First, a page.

Meet Jean Chen Ho and friends: San Gabriel Valley Food Club

This story is part of Lit City, our comprehensive guide to the literary geography of Los Angeles.

Inside an airy house in the Alhambra on a February evening, the writer Cherisse Yanit Nadal and Angela Peñaredondo refilled their plates from the multicultural medley spread across the kitchen table: Thai fried rice, tacos de asada, steamed broccoli, samosas, drunken noodles, sushi, gyros, papaya salad and more.

In the sizable backyard, filling the chilly night’s atmosphere with chatter and laughter, is an equally eclectic group of authors: “Fiona and Jane” novelist Jean Chen Ho, managing editor. press Kaya Neelanjana Banerjee, “Beast Meridian” poet Vanessa Angélica Villarreal and her 7-year-old son, Joaquin, along with about a dozen other members of the San Gabriel Valley Culinary Club.

Vanessa Angelica Villarreal, Soraya Membreno and Douglas Brown fill their plates with food

From left, Vanessa Angelica Villarreal, Soraya Membreno and Douglas Brown forage at the San Gabriel Valley Food Club’s Alhambra revival.

(Jason Armond / Los Angeles Times)

The SGV Food Club, as they call themselves, is a mostly BIPOC group of about 30 friends – writers, students, academics, publishers, educators, editors, poets – committed to following along. their way across Los Angeles’ eastern food court, from immigrants. the square indicates cash-only holes in the wall. For the latter, some have even set aside envelopes filled with dollar bills.

“As part of the SGV Food Club, I can look at the table and know exactly how much we are paying,” said Nadal. Her friends laugh.

Jen Eleana Hofer, poet and translator, adds: “It’s like a secret superpower.

After their first outing about six years ago, a table for eight after a poetry reading, diners created a Google group to plan regular excursions. It has evolved since then. But when the COVID-19 pandemic hit, their SGV pranks turned into Zoom hangouts.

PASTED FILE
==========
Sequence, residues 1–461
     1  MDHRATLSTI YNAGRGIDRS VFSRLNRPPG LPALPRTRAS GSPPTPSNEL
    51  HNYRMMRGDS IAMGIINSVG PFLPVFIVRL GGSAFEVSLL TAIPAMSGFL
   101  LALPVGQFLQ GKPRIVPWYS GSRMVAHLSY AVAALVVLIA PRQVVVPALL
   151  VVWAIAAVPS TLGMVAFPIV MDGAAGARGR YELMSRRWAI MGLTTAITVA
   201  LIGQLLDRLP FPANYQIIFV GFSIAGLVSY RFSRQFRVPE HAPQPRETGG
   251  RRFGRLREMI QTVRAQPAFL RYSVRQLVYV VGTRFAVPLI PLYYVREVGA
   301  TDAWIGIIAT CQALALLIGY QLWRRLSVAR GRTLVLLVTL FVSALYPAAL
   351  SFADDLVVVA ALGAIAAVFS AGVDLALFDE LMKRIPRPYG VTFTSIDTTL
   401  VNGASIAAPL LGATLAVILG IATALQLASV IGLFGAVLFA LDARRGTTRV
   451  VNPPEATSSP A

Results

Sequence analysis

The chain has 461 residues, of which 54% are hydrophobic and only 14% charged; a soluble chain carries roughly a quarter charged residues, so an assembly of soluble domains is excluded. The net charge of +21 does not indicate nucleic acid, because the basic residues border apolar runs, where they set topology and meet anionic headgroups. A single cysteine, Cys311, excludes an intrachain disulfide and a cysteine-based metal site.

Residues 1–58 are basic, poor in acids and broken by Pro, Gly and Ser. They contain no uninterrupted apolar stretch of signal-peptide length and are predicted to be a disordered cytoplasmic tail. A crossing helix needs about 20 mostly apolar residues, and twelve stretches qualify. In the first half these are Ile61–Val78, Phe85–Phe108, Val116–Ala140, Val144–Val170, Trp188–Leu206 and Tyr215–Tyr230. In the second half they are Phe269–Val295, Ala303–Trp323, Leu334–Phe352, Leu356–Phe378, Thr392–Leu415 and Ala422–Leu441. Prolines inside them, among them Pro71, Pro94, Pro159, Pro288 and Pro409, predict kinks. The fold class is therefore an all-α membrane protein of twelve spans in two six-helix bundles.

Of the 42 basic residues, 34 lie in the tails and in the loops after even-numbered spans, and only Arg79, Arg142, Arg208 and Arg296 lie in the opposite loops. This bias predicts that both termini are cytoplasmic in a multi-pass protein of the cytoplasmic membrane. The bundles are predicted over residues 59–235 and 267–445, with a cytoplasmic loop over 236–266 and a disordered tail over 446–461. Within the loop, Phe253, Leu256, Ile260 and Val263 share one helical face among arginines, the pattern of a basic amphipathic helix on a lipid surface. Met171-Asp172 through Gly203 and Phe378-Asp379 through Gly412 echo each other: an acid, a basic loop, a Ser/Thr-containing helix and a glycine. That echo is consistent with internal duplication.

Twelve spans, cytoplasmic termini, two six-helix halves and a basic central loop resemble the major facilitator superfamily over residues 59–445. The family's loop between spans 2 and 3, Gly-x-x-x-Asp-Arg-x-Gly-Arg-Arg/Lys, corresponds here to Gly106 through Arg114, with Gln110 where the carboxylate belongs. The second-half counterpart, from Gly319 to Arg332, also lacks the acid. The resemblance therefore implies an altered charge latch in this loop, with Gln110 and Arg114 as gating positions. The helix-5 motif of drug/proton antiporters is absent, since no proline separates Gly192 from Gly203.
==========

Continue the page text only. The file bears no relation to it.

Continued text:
On a recent Wednesday night, they ditched their computers and phone cameras for a potluck game, hosted by NPR journalist and producer Andrea Gutierrez, at her home.

People fix discs from an overflowing table

SGV writers’ hot pot is also eclectic as the writers gather and includes Thai fried rice, tacos de asada, samosas, drunken noodles, sushi, gyros, papaya salad and more.

(Jason Armond / Los Angeles Times)

As with an SGV outing, no conversation is off limits. They talk about careers, family, dating, heartbreak, work in progress, world news, video games, “Game of Thrones,” the thrift store found. They celebrate each other’s successes, compliment challenges, and share tips on stores that appreciate writers of color.

“I give a lot of unsolicited work advice,” admits Vickie Vértiz, a poet who dropped bombs like a sailor. Ho and Hofer burst out laughing.

Many club members meet through writing groups and literary events, others through MFA programs. Some are invited as one-time guests and keep coming. F. Douglas Brown, a DJ, poet and high school teacher who writes about Black fatherhood and other personal issues, says the group is a welcome respite from the writing business. self-discovery.

“Too many things can destroy you when you are triggered by the things you write about,” he says, “and to have a group where you don’t have to think about it… that’s a rebound.”

As the temperature dropped, a group gathered around the fire pit, recounting SGV Food Club’s first outing at Omar’s Restaurant in San Gabriel and reflecting on the joys and struggles of urban writing. this vast.

Jean Chen Ho raised her arm

Jean Chen Ho caused an uproar when the SGV Food Club came out of COVID hibernation in February.

(Jason Armond / Los Angeles Times)

“Recently I was writing outside because the weather was great,” said Nadal. “I wrote my best post of the past two years on the bench at In-N-Out.” She tries to think about her work in a car – with mixed results.

“I am such an emotional driver that I am not stable enough in the car in traffic to think about anything other than how wrong I was by the person who just cut my throat. ”

“The problems of our time are somehow more present in LA than in New York,” says Leland Cheuk, author of No Good Very Bad Asian. “Here you really see wealth inequality everywhere, climate change, all… We’re living in the future. If you’re interested in the future as a writer, you live here. “

Moments later, Hofer walked over, hugged Brown warmly, and listened to the conversation, which had revolved around the glory of SGV – the valley, the food, the club.

“Most of the time when you go out with writers and the bill is on the table, nobody wants to pay,” says Hofer. “But to us, we were like, ‘Here, take my $20. Take my money.'”

This pro club might be the best deal in town. Meet Jean Chen Ho and friends: San Gabriel Valley Food Club

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